One of the simplest ways to speed up an OpenGL program while simultaneously saving storage space is to convert independent triangles or polygons into triangle strips. If the model is generated directly from NURBS data or from some other regular geometry, it is quite straightforward to connect the triangles together into longer strips. You must keep in mind whether you want the first triangle to start off with a clockwise or counterclockwise winding, then all subsequent triangles in the list will alternate winding (see Figure 8). Triangle fans must also be started with the correct winding, but all subsequent triangles are wound in the same direction (see Figure 9).
Because OpenGL does not have a way to specify generalized triangle strips, the user must choose between GL_TRIANGLE_STRIP and GL_TRIANGLE_FAN. In general, more triangles can be placed into a strip than a fan. Triangle fans are great when a large convex polygon needs to be converted to triangles or for geometry that is cone-shaped. Most other cases are best converted to triangle strips.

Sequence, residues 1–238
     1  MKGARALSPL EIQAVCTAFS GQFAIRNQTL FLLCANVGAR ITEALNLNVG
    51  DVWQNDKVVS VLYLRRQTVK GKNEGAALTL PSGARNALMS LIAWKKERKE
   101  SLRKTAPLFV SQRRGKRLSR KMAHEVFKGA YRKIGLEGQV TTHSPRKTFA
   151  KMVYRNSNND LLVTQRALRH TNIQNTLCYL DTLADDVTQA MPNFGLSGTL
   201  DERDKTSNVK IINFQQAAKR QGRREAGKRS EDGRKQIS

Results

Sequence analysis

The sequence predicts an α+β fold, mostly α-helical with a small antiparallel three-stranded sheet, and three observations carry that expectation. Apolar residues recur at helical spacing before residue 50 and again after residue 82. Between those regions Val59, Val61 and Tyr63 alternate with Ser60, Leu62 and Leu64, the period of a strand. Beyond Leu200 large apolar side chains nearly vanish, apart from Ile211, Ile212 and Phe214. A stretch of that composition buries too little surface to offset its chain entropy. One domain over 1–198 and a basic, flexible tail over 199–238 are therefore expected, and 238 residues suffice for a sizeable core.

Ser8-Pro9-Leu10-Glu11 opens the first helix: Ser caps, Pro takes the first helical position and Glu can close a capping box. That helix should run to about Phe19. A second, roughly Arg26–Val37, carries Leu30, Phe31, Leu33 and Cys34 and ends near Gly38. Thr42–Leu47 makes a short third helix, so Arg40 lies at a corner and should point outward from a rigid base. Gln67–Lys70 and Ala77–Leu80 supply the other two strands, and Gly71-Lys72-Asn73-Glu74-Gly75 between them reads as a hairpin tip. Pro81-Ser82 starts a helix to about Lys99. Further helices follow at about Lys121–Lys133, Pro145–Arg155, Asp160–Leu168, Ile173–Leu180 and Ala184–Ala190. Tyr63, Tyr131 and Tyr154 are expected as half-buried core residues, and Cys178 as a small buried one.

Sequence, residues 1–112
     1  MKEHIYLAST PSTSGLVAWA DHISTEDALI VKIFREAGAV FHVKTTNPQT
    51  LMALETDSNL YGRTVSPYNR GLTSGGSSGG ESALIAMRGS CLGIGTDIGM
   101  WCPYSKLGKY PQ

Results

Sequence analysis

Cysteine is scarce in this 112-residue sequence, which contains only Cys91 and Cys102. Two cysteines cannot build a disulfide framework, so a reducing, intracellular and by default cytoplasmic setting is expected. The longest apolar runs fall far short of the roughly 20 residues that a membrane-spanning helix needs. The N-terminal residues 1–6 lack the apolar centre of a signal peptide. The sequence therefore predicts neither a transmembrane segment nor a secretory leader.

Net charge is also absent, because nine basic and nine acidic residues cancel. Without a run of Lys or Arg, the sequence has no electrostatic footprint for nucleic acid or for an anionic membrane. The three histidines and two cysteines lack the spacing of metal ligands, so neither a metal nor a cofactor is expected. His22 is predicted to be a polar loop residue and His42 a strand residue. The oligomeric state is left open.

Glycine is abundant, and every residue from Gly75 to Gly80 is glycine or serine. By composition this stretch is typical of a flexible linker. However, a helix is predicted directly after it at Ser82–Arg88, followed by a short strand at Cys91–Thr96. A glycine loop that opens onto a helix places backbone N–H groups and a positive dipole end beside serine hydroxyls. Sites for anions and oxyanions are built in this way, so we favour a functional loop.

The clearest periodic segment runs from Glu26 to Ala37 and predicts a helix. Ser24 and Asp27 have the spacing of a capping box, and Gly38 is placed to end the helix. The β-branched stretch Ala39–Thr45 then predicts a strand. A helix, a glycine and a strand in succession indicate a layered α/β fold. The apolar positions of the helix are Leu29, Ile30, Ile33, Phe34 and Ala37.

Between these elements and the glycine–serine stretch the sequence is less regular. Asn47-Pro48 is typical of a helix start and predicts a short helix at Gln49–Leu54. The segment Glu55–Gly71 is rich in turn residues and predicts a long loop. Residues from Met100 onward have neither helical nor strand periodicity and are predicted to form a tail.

For regular meshes, triangle strips should be lined up side by side as shown in Figure 10. The goal here is to minimize the number of total strips and try to avoid ``orphan'' triangles (also known as singleton strips) that ca not be made part of a longer strip. It is possible to turn a corner in a triangle strip by using redundant vertices and degenerate triangles as described in .